In an article from the National Interest, Dominic Tierney, Foreign Policy Research Institute senior fellow, writes, ‘The rise of alien warfare has crippled America’s capacity at both waging war and making peace.”
Dominic Tierney concludes, ”The solution may seem obvious: less war and less nation building. And indeed Washington should set a higher bar before using force.”
I have long suggested the original Weinberger/Powell Doctrine as a place to start in terms of war making realism.
Yesterday Debbie and I watched Clint Eastwood’s excellent American Sniper. It occurs to me that if every American watched Sniper in conjunction with Black Hawk Down, Americans would have a much clearer picture of what Alien Warfare is all about. I think most will agree that such warfare indeed makes America less safe, less prosperous and less free.
IN 2011, the United States launched a new television show in Afghanistan called Sesame Garden. It was an Afghan-themed version of Sesame Streetdesigned to win local hearts and minds. Unfortunately, the producers had to cut the Count von Count character because Afghans had not heard of Dracula and could not comprehend the fangs.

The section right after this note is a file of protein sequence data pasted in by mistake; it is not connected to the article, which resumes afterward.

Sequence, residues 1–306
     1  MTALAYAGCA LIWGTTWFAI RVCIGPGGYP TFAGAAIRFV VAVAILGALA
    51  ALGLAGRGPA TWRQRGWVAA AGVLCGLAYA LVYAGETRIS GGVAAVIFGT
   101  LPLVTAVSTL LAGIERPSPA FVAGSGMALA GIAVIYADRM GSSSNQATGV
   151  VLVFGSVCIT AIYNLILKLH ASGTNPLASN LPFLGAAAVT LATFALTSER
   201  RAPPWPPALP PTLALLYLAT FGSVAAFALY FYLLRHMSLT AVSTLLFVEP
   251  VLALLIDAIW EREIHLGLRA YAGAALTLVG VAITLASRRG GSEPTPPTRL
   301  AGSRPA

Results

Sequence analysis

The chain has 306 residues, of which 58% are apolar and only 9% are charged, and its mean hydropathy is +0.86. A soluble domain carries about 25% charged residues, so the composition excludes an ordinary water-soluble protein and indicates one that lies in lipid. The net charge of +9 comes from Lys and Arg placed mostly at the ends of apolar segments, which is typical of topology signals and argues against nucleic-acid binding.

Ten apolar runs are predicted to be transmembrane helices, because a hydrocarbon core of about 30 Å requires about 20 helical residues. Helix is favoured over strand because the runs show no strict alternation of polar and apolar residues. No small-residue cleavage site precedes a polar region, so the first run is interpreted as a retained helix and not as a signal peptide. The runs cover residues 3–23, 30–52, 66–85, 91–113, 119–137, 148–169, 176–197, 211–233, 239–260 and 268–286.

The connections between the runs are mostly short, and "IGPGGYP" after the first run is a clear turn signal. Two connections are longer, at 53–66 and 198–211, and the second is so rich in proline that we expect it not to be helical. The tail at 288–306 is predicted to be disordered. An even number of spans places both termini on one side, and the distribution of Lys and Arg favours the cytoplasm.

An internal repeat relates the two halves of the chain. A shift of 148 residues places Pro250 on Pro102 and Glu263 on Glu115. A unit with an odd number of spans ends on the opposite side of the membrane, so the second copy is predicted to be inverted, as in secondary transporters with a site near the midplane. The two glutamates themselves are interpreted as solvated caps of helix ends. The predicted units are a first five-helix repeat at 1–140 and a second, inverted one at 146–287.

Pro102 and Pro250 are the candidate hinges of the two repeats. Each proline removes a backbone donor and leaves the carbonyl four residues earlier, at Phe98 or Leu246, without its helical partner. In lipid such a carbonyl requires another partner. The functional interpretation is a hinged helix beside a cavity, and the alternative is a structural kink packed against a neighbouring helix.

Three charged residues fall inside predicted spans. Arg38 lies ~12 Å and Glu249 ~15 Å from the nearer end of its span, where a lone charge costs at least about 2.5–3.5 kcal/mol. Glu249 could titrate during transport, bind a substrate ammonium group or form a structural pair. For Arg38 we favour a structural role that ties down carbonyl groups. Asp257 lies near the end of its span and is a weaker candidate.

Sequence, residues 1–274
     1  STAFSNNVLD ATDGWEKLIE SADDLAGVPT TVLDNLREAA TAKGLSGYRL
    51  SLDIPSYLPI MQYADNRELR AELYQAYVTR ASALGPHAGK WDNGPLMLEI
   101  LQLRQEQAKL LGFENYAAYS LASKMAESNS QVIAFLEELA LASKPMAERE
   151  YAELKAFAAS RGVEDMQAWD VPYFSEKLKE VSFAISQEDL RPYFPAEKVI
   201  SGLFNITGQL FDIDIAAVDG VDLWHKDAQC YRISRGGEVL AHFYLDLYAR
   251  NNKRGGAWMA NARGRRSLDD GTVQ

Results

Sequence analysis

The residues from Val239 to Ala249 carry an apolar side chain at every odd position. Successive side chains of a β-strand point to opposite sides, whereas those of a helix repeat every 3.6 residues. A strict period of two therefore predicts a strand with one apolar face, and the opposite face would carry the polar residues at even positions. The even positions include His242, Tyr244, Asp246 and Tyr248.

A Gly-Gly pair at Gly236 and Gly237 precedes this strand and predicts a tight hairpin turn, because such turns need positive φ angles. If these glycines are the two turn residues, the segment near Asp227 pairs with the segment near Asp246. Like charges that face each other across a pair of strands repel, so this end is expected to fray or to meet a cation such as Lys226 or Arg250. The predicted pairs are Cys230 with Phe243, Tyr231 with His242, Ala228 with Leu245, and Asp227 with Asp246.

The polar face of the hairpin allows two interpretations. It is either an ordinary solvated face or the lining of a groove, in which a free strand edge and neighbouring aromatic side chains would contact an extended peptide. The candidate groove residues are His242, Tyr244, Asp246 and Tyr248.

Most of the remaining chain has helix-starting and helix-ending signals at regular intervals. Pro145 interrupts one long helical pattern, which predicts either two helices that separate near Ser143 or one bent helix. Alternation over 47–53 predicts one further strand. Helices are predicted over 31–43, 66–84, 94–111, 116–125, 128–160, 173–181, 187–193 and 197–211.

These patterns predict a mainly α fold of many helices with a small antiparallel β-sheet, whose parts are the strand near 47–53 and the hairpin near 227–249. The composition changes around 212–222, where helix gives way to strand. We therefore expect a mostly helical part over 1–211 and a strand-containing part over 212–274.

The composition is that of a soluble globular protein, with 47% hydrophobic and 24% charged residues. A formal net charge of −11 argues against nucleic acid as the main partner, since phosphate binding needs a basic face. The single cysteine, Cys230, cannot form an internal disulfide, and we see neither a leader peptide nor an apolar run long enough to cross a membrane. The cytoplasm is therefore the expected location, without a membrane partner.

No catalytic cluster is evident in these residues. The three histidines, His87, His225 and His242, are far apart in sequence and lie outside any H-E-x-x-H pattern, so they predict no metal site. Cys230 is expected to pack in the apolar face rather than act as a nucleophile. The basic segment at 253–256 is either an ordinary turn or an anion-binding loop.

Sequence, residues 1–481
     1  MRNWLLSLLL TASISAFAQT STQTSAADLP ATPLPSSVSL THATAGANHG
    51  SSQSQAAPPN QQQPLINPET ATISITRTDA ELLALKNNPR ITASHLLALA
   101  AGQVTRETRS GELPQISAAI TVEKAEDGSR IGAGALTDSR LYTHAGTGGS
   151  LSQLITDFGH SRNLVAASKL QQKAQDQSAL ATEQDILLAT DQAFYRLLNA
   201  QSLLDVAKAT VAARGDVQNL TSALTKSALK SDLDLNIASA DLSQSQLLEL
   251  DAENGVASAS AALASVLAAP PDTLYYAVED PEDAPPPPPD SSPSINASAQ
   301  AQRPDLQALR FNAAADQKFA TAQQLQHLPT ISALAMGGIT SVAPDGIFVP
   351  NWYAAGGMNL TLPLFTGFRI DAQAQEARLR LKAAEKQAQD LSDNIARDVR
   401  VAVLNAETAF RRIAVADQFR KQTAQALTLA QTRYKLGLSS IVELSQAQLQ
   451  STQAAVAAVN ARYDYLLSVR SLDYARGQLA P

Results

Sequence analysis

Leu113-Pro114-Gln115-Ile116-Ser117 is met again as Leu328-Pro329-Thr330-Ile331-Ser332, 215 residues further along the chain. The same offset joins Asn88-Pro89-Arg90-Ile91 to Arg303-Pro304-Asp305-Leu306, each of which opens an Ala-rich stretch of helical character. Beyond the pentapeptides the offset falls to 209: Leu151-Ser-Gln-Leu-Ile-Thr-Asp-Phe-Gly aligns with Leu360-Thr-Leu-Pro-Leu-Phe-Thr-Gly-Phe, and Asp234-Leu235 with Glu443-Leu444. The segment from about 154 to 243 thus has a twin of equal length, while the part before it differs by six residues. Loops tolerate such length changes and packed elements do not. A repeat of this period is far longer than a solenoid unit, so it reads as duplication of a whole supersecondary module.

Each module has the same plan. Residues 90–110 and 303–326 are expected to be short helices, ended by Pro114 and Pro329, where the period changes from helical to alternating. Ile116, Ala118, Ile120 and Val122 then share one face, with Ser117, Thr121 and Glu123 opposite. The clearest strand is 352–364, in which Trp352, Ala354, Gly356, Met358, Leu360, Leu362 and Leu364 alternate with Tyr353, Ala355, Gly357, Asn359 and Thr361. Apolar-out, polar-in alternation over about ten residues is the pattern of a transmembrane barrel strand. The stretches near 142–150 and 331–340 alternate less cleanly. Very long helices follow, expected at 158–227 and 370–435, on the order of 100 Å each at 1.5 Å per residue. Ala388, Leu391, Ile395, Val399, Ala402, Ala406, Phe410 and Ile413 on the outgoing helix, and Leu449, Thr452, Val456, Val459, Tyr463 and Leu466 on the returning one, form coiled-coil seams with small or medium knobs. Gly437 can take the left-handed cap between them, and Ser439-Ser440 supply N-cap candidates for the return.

The fate of the Count epitomizes the new Age of Alien Warfare—defined by U.S. military operations in culturally unknown environments. From the War of 1812 to today’s campaigns in the Middle East, both Washington’s enemies and the local populations have become steadily less familiar in terms of language, religion and social traditions. Alien warfare reached its apogee with the post-9/11 mission to refashion Afghanistan—a landlocked country seven thousand miles away, with a largely unknown culture and a literacy rate lower than that of America in 1650.
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